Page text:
But, is this a world we want to move forward into blindly? Many sources and musical artists would say no. There is a growing ambivalence to NFT in its current state for a multitude of reasons.
To start, the data of an NFT, like all Cryptocurrency, needs to be stored, and “mined” or generated by massive server farms. These servers can wind up using massive amounts of energy. Since Blockchain is a ledger, all transactions require an insane amount of energy to keep the currency running and up to date. As a brief example, according to The Hill “Ethereum mining consumes about 26.5 terawatt-hours of electricity a year. To put that into perspective — that is nearly as much energy used annually by the entire country of Ireland.”
As more and more attention is drawn to Ethereum-based NFTs, and additional transactions are generated, the energy consumption is on an exponential spike. While there are calls even from the founders of Ethereum and artists such as “Beeple” (Whose strange 3D renderings scored him a whopping $69 Million USD when auctioned as an NFT by Christie’s) to donate proceeds and invest towards making Ethereum and NFT works carbon-neutral, there is still much work to be done on this front.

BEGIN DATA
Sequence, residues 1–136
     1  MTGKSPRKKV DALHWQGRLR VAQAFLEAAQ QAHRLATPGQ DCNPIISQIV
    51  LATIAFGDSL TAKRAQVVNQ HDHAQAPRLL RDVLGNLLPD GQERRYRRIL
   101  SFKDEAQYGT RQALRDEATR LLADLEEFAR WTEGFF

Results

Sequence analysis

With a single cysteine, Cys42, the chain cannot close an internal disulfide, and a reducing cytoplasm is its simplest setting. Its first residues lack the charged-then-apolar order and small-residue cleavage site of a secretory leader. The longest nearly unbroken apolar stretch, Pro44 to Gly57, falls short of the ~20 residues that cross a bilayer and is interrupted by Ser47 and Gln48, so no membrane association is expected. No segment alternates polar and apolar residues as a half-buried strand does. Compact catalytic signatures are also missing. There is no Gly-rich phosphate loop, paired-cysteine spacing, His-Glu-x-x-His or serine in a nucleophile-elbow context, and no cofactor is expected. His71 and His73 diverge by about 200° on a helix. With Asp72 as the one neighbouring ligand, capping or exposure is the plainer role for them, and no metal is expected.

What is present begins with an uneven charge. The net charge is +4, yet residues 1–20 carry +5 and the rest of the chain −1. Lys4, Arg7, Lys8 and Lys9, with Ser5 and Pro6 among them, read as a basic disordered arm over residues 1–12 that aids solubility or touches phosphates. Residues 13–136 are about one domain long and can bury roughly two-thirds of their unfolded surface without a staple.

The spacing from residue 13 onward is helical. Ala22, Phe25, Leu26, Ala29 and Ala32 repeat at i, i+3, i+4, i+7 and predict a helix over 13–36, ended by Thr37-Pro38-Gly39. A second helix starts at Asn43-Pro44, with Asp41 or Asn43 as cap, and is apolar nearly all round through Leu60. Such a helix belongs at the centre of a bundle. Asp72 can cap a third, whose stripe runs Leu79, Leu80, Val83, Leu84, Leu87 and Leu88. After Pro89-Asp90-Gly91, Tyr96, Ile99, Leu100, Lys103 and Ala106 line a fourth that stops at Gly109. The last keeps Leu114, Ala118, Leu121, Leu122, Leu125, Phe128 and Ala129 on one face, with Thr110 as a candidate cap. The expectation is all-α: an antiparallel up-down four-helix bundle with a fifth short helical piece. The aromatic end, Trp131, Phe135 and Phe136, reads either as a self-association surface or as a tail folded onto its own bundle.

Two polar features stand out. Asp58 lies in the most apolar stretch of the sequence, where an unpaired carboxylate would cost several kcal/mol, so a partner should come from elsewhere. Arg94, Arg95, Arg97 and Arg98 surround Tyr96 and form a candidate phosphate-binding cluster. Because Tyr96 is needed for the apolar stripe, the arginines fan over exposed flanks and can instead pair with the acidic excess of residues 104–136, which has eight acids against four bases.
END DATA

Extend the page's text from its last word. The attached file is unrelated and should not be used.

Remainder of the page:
While many artists are skeptical not only for the environmental crisis, some musicians are simply concerned to jump onboard while NFT tech is still in its early stages of development. For example, Singer-Songwriter Zola Jesus was ambivalent about the concept, weighing the pros and cons of the tech in its current state on an article about NFT’s from Pitchfork:
“I really like the parts of NFT that foreground the support of artists directly, and I love seeing whole new forms of art flourish in a new medium. But I think the financialization around the NFT space needs some heavy auditing before it’s an actually fair market for the artists themselves, and that the art is being purchased for the merit of what it expresses, rather than what profit it could yield in the future. I don’t want people to bet on me like a racehorse.”